Joseph went down from the temple, and invited the ambassador to come to his house. He feasted him for many days, and gave him rich presents. Then he told him to return to the king, his master, and say that Joseph, the nephew of the high-priest, was coming to excuse the people. The ambassador was much pleased with the frank and generous nature of Joseph, and he promised that he would assist him in every way. On his return to Egypt he gave Ptolemy the message which Joseph had intrusted to him, and he praised the young man so highly that both the king and the queen felt well disposed to him before they had seen him.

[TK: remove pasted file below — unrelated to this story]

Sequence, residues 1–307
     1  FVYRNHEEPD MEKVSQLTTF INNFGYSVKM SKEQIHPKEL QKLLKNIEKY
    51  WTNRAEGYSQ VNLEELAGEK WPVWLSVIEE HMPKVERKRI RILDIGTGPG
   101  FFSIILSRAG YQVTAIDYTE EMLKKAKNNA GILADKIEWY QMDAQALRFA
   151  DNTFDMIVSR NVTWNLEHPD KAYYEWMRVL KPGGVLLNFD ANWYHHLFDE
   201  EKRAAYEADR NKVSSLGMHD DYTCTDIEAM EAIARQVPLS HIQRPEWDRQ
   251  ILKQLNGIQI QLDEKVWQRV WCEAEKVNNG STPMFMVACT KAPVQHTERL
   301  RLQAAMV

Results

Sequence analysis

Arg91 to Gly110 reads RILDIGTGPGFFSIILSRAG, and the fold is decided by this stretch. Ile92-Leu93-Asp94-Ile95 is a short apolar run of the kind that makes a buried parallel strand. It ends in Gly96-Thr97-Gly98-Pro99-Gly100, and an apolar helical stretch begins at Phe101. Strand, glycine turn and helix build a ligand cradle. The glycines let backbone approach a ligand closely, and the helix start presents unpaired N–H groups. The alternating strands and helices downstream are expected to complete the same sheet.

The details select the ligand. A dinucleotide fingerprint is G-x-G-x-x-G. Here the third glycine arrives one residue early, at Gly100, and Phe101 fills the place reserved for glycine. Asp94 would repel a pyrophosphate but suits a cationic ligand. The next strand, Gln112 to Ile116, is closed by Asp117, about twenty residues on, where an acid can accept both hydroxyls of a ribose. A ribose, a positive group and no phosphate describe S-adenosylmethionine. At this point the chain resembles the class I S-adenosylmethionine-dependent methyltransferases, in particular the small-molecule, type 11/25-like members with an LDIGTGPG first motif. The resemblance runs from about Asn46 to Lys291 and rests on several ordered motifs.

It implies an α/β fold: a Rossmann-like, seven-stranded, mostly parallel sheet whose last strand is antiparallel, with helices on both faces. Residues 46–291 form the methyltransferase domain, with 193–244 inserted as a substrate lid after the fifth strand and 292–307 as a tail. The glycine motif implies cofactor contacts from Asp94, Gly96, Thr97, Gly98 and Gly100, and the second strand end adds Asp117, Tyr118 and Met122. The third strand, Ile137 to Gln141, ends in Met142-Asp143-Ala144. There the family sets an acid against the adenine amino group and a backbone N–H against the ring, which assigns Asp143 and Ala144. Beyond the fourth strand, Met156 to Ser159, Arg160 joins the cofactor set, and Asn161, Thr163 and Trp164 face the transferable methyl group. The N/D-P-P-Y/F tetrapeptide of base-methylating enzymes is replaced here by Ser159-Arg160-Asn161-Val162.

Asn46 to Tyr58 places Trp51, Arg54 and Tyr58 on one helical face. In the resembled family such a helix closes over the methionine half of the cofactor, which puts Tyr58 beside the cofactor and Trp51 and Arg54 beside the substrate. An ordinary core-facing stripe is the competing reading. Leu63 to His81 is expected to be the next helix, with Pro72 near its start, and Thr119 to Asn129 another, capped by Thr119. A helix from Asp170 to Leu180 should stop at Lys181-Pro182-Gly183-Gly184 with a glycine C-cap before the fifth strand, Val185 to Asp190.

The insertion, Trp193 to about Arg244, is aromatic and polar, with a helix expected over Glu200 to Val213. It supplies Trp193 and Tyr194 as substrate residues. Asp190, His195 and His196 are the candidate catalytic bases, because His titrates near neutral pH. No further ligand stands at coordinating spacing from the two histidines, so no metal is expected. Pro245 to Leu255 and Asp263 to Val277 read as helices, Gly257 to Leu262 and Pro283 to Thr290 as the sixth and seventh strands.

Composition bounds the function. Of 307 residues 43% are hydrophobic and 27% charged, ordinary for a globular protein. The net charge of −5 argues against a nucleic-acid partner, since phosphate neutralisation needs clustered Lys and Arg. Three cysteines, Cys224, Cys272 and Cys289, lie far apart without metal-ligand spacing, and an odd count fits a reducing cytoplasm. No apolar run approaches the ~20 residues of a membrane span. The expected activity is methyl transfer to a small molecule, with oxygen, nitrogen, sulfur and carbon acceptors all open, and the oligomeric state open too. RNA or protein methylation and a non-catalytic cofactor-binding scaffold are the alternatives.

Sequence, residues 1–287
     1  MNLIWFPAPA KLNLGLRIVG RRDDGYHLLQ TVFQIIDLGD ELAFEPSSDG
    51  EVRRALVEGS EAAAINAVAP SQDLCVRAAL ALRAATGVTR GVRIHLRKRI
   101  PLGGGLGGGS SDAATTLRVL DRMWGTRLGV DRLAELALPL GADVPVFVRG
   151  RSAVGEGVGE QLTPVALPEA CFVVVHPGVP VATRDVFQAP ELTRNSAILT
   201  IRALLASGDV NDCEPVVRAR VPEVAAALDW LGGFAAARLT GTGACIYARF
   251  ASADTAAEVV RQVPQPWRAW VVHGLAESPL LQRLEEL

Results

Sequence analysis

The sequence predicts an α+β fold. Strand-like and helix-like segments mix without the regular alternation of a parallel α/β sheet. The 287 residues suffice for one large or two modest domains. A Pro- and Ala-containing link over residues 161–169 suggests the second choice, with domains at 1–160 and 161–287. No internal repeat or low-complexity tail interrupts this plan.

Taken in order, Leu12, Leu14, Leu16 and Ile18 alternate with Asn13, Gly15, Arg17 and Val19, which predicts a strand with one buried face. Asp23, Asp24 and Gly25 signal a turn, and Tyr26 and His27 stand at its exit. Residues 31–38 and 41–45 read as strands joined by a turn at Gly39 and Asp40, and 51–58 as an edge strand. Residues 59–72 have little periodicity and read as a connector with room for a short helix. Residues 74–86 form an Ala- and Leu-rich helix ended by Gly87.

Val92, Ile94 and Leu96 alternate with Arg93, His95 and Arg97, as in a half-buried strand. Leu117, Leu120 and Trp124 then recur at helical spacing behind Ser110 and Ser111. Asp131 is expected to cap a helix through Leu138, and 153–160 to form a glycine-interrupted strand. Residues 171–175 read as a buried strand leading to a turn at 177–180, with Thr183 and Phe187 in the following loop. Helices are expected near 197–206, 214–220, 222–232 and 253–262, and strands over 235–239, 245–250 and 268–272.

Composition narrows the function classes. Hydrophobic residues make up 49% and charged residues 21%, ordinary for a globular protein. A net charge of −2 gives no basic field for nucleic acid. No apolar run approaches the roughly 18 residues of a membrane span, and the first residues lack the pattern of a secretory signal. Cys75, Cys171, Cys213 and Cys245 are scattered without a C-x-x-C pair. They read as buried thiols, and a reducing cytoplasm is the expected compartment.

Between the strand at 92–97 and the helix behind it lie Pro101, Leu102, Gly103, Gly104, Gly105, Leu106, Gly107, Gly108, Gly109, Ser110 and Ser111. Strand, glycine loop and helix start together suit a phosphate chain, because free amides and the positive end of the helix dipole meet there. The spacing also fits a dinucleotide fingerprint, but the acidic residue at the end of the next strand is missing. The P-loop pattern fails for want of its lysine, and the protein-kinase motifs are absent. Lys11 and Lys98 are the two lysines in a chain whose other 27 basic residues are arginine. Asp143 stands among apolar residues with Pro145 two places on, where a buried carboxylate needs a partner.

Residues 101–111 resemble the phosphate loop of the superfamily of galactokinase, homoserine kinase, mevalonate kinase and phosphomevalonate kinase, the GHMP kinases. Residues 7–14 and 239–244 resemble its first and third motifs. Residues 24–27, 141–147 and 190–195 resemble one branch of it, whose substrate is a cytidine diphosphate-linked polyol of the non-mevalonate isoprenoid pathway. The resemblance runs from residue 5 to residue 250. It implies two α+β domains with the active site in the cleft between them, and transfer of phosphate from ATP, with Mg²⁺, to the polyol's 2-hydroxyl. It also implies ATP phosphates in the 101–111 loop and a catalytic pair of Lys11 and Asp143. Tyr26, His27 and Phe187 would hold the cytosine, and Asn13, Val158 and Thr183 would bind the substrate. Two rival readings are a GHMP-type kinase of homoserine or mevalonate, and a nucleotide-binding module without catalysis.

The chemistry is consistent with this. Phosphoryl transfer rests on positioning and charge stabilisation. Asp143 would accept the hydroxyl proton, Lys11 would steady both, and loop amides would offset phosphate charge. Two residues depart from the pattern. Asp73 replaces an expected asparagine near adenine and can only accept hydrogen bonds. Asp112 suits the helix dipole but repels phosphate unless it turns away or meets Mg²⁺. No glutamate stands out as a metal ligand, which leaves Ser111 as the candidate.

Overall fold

Meanwhile, Joseph sent to his rich friends in Samaria and borrowed money from them to help him on his journey. Now, every year the king used to sell the right of collecting his taxes to such as offered the highest sum for the right. This was called farming out the taxes. The person who bought the right of collecting the taxes was entitled to keep for himself all that he could collect. Sometimes he was not able to collect as much money as he had paid for the right, and then, of course, he lost; but usually he collected more than he had paid. When Joseph set out on his journey for Egypt the time had come round for the annual farming of [264] the taxes, and he met many merchants who were going to the court of Ptolemy to contest for the right of collecting the taxes. These men saw Joseph journeying on the way, and laughed at him for his poverty and mean clothing. On arriving at Alexandria, Joseph was told that King Ptolemy was at Memphis, and he hastened thither to meet him. The king happened to be in his chariot with his wife, and with his friend Athenion, the ambassador who had been sent to Onias at Jerusalem. Athenion at once recognized Joseph, and made known to the king who he was, and Ptolemy asked Joseph to come up into his chariot. And as Joseph sat there Ptolemy began to complain of the conduct of Onias. But Joseph answered,—